Most of the other plants were quite choice, I especially liked the following: a wide selection of native Californian plants, several new impatiens species unavailable elsewhere to my knowledge, a good and apparently growing selection of South African natives, including herbaceous, shrub, succulent, and bulbous species, and some pretty salvia species. I brought quite a few plants, and even more on my return visit during the last day of my vacation. Among the many treasures I got were Brugmansia sanguinea (both red and yellow forms), four impatiens species that I did not have, a double flowered nasturtium, Saliva corrugata (brilliant blue flower), Balbisia (a rare yellow flowered bushy plant from Chile), Melianthus villosus and M.comosus, Moraea huttonii (they do need to give it more water in summer, I suspect they think it is winter growing--it is not, and it grows in wet areas in nature), a couple of delosperma species, etc.
To prepare all of my finds for transport back home on the airplane, they were all barerooted with a hose, roots put in baggies and sealed with rubber bands. No doubt they don't like such rough treatment, but now all are replanted, with a fungicide treatment for traumatized roots, and I suspect most will survive. For any that might stuggle, propagation via cuttings may be another option to prevent loss.
One thing I have mixed feelings about is that Annie's is very expensive to order from via mailorder, at least from the East. Packing and shipping are extraordinarily high, but I could deal with this if the plants were priced the same way they are for locals--but that is not the case. With very few exceptions, all plants at the nursery are $3.25, 4.25, or 5.25. A quick check of their website will reveal much higher costs for the plants. So in essence they are double dipping with regard to mailorder customers.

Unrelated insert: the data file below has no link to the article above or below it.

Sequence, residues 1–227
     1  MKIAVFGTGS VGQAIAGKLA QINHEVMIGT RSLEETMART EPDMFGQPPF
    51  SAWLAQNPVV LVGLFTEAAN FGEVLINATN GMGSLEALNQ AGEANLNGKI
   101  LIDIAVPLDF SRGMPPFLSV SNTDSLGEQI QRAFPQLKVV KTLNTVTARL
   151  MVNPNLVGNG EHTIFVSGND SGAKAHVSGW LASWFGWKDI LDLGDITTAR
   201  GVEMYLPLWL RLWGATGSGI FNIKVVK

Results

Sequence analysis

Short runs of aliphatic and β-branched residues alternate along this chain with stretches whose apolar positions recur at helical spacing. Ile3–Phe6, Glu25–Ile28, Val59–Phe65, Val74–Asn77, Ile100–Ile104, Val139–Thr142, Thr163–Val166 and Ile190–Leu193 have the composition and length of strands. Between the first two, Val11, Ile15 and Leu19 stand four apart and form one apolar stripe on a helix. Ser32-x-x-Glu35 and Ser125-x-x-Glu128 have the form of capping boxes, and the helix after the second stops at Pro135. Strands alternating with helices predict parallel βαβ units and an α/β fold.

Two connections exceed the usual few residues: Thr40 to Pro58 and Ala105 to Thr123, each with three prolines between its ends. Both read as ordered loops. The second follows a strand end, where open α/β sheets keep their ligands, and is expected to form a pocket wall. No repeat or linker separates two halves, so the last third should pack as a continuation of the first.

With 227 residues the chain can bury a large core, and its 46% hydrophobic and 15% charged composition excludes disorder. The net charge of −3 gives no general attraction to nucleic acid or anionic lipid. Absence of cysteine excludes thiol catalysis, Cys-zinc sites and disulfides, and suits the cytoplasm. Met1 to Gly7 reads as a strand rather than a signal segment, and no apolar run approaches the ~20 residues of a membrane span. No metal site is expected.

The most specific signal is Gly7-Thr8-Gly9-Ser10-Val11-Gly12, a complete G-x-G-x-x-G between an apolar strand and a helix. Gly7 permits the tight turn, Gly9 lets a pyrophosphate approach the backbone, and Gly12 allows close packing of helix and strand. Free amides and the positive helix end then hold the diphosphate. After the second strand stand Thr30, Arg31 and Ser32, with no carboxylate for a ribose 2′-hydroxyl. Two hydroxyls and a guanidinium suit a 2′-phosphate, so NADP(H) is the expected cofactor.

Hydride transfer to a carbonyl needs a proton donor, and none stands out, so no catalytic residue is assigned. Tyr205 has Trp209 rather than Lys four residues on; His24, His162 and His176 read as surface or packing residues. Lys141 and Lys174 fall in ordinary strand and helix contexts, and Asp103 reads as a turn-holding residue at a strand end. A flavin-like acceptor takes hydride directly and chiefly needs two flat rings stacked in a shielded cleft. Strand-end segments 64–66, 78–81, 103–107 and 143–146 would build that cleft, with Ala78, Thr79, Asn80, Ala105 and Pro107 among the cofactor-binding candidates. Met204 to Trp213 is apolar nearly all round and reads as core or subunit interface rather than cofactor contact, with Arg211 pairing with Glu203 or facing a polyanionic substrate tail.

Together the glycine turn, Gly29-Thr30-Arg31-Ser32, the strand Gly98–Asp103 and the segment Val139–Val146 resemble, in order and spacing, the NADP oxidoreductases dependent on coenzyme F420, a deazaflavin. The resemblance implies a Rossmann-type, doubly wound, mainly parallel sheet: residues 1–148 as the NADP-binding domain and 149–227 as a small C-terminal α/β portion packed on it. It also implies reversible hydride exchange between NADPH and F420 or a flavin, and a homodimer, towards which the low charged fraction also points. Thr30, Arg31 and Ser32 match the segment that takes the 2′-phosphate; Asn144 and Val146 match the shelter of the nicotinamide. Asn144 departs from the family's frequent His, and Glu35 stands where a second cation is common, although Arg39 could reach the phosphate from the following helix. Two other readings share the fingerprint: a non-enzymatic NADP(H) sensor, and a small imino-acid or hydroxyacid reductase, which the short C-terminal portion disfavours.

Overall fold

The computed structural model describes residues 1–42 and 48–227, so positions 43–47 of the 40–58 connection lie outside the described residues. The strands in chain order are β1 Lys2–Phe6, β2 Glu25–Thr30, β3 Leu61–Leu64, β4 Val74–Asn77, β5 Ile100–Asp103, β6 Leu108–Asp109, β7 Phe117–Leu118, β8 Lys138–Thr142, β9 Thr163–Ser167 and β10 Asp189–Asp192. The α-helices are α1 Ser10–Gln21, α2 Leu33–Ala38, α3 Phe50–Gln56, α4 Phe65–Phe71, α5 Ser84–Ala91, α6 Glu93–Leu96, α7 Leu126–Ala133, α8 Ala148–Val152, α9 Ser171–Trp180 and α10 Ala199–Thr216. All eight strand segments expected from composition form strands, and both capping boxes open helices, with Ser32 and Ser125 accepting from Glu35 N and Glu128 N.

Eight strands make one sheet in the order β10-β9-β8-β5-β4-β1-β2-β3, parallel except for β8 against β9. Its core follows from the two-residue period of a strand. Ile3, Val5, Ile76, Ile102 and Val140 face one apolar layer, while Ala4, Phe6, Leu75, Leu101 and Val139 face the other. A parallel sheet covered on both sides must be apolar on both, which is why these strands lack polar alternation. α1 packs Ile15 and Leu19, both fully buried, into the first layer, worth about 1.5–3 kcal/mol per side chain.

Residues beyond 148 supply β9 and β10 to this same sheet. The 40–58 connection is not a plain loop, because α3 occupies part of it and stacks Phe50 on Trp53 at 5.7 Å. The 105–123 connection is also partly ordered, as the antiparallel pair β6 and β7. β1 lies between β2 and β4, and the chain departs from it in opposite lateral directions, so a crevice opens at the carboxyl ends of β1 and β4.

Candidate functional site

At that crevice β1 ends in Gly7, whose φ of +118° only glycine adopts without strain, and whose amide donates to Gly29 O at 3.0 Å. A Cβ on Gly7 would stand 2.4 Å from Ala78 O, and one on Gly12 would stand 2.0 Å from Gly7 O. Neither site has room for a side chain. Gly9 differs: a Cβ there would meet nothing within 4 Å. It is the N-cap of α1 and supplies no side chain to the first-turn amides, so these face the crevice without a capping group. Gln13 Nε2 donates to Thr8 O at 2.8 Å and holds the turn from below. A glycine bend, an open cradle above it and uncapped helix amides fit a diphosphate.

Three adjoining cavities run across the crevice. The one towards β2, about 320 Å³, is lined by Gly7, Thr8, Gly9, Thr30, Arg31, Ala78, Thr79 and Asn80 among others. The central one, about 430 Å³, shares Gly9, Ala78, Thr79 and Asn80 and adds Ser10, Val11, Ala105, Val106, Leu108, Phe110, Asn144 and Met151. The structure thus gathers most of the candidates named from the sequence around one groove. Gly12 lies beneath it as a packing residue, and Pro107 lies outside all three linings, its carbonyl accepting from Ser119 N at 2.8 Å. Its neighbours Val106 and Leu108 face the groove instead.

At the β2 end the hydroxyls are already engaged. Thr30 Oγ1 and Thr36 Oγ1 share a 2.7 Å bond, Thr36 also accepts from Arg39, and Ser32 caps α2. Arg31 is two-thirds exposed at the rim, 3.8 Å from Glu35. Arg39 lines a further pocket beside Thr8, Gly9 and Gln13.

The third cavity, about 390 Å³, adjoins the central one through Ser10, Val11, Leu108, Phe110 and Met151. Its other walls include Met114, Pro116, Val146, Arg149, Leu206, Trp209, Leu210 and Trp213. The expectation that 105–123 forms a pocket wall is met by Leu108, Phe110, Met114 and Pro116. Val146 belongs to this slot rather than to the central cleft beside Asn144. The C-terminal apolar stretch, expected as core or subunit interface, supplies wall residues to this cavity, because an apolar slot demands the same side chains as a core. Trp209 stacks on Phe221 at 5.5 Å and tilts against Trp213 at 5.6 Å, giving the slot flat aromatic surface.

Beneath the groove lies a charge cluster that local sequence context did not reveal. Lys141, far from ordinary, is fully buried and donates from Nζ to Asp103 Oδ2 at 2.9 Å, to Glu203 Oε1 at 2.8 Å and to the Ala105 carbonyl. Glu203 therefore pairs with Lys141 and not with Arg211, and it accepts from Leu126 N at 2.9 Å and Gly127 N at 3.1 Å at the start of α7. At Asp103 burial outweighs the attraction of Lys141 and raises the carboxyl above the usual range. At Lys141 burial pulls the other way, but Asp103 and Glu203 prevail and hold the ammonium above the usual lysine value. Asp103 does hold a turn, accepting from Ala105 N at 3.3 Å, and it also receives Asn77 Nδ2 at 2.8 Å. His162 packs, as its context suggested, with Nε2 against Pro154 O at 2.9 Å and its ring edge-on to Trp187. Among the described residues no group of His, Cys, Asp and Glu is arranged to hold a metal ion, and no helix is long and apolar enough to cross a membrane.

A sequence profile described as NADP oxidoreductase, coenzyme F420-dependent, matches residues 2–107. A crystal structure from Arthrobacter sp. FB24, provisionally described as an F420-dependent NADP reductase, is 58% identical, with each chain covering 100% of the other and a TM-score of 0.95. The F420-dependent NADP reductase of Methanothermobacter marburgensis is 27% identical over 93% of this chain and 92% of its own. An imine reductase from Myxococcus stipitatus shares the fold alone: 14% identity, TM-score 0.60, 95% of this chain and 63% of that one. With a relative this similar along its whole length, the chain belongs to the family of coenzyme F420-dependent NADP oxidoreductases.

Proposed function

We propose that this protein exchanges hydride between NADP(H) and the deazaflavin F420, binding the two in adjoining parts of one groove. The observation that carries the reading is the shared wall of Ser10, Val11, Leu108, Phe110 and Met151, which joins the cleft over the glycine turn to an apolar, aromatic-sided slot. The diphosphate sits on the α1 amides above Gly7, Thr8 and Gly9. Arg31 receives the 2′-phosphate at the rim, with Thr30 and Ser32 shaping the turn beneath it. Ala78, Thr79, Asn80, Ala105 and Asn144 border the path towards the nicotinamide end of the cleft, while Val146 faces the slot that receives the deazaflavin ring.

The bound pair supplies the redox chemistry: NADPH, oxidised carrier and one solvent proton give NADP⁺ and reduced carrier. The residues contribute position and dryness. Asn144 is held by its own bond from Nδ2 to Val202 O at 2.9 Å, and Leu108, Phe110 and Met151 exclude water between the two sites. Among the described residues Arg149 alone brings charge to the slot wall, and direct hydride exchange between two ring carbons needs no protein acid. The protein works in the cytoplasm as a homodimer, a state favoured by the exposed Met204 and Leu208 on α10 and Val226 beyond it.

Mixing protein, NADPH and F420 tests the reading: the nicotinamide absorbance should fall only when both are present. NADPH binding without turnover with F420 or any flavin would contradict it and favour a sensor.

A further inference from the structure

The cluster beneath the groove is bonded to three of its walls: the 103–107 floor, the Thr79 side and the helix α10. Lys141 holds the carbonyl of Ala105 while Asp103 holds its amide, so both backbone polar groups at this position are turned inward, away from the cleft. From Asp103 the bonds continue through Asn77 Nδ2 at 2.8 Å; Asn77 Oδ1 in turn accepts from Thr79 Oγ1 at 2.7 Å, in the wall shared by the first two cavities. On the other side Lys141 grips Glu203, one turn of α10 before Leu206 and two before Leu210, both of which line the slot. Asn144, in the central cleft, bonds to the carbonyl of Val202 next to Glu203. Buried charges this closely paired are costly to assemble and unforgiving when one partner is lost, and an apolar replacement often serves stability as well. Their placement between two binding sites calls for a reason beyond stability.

Nonetheless, I did enjoy my visits, and would highly recommend that you go to Annie's if you are in the area. If you can get there in person, the plant selection and prices are both excellent, and the plantings are very colorful, interesting, and inspiring.
Friday, August 31, 2007
Tuesday, August 21, 2007
Gorteria diffusa is a most interesting annual from the winter rainfall region of South Africa. I got my seeds from Silverhill Seeds, the premier source for South African native plant seeds. I've been to South Africa three times, and basically one could describe the whole country as a natural garden. The number of ornamental species is incredible, particularly in the areas near Cape Town.
The seeds of Gorteria are fused into the dried flower base, so one plants the entire structure. This is unusual for members of the Aster family, most of which shed seeds individually once they are ripe. Even more peculiar is the flower, a bright orange daisy, about an inch or inch and a half across, with one to three green "beetle" marks. The markings probably facilitate pollination by attracting monkey beetles to the flowers (perhaps they are thinking they found a mate) which then pollinate the flower. Like many South African daisies, the flowers open in sunshine and close in darkness.
I planted the seedlings I started indoors into sandy soil in a spot that gets several hours of sun, and they grew and flowered for longer than I thought they would (many of these desert type annuals have very short lifespans), from early June through July. The plants spread out to form a branching mat across the soil. The plants expired in early August, but not before yielding numerous seed heads. The one problem I noted was that the plants are susceptible to powdery mildew during rainy weather, but an application of fungicide quickly cured it.